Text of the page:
Three months have elapsed, let’s nail 2015 down by knowing the major trends of talent, leadership and HR challenges around the world. Deloitte’s 2015 Global Human Capital Trends report shows their research result which involved surveys and interviews with more than 3,300 business and HR leaders from 106 countries.
The survey asked HR respondents to assess the importance of specific talent challenges facing their organisation and to judge how prepared they were to meet these challenges. Indeed, the accelerating economy and rapid changes in the workforce have created even more urgency in the need to adapt HR and people practices around the world.
This year, culture and engagement was rated the most important issue overall. It is slightly edging out leadership which was the No. 1 issue last year. This challenge highlights the need for business and HR leaders to gain a clear understanding of their organisation’s culture and re-examine every HR and talent program as a way to better engage and empower people.
Building leadership remains paramount, ranking as the No. 2 issue in this year’s Deloitte survey. Yet despite the fact that nearly 9 out of 10 respondents surveyed cite the issue as “important” or “very important,” the data also suggest that organisations have made little or no progress since last year: The capability gap for building great leaders has widened in every region of the world.
This year’s third most important challenge was the need to transform and accelerate corporate learning, up from No. 8 in 2014. The percentage of companies rating learning and development as very important tripled since last year. But even as the importance of this issue rose, the readiness to address it went down. Only 40% of respondents rated their organisations as “ready” or “very ready” in learning and development in 2015, compared to 75% in 2014.
The fourth biggest issue was the need to re-skill HR itself. This area also shows little progress since last year. Both HR and business leaders, on average, rated HR’s performance as low; furthermore, business leaders rated HR’s performance 20% lower than did HR leaders, showing how important it is to accelerate HR’s ability to deliver value as the economy improves.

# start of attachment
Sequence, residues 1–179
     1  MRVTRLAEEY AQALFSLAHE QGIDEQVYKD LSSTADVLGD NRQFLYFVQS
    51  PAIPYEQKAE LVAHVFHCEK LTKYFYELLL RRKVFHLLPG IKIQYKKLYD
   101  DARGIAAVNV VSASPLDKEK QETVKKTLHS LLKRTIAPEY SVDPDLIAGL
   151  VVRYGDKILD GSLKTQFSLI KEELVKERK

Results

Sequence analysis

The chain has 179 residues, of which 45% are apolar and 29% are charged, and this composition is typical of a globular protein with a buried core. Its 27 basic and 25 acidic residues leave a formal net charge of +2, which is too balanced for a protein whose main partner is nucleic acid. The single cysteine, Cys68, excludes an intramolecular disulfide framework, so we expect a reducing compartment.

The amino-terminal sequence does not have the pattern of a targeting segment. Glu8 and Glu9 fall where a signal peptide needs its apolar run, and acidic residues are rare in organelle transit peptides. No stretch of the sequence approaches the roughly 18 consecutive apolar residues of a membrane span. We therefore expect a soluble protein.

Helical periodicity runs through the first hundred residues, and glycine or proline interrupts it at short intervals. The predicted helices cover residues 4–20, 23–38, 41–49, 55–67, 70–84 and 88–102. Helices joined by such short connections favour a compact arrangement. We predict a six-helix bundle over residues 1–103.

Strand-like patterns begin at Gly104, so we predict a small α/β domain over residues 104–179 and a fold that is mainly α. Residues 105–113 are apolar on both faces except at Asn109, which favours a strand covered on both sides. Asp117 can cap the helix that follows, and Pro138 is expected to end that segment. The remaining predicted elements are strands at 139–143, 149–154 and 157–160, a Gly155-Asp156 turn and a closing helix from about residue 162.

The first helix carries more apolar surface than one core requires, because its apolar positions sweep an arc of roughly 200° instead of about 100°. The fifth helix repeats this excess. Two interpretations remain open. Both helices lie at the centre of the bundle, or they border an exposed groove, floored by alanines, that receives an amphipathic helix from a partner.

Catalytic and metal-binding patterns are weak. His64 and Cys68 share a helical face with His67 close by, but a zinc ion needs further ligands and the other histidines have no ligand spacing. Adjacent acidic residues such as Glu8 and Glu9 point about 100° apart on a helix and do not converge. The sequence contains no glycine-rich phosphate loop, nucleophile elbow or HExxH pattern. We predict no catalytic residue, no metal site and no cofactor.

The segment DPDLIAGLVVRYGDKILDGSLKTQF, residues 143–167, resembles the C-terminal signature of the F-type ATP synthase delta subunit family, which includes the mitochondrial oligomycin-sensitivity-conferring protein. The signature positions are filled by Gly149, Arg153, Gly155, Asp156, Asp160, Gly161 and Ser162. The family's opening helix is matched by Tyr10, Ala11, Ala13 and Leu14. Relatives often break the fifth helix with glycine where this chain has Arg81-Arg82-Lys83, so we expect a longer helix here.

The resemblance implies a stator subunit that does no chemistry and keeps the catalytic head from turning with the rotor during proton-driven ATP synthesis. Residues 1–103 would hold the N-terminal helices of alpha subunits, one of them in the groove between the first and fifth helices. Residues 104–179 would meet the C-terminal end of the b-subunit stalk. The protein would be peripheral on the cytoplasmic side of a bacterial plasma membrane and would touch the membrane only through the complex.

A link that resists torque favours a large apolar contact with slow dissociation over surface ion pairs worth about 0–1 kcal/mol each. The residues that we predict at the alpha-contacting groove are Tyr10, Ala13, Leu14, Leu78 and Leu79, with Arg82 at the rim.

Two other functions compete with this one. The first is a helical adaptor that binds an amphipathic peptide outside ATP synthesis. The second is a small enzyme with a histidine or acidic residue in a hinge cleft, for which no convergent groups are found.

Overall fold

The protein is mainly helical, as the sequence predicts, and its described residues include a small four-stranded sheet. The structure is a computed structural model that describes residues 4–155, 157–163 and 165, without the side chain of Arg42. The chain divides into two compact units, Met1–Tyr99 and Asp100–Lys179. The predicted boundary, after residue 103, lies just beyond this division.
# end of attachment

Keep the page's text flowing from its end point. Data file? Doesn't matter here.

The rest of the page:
Perhaps because of these dim views of HR’s performance, we found an increasing trend of CEOs bringing in non-HR professionals to fill the role of CHRO.
Eight out of 10 respondents surveyed cited workforce capability as being either “important” or “very important” in the year ahead, indicating the demand for skills that is driving a trend toward greater use of hourly, contingent, and contract workers. This trend highlights the need to develop better processes, policies, and tools to source, evaluate, and reward talent that exists outside of traditional corporate and organisational balance sheets.
One of the biggest needs in the new world of work is the need to rethink how organisations manage, evaluate, and reward people. New, agile models for performance management have arrived, and we see these new performance management models as a core component of this year’s focus on engagement, development, and leadership.
HR should now make serious investments in leveraging data to make people decisions. People analytics, a strategy that has been evolving over the last several years, has the potential to change the way HR will work. However, HR organisations appear to be slow in developing the capabilities to take advantage of analytics’ potential.
Last year’s Global Human Capital Trends report identified the “overwhelmed employee” as an emerging trend. This year, the percentage of respondents who regard this as a “very important” issue rose from 21% to 24%.
This heightened recognition is just the beginning of what we see as a long-term movement by companies to simplify work, implement design thinking, overhaul the work environment, and help employees focus and relieve stress. We are entering an era of “doing less better” rather than “doing more with less.”
Cognitive computing—the use of machines to read, analyse, speak, and make decisions—is impacting work at all levels. Some believe that many jobs will be eliminated. However, HR teams must think about how to help redesign jobs as we all work in cooperation with computers in almost every role.
The explosion of external people data (data in social networks, recruiting networks, and talent networks) has created a new world of employee data outside the enterprise. It is now urgent and valuable for companies to learn to view, manage and take advantage of this data for better recruiting, hiring, retention and leadership development.
These 10 major trends are fresh insights for HR leaders dealing with issues of human capital, and are crucial to providing perspectives and context that will shape the thinking about priorities for 2015 and beyond
See: Southeast Asia Staffing Trends in 2015
The original article first appeared on Deloitte.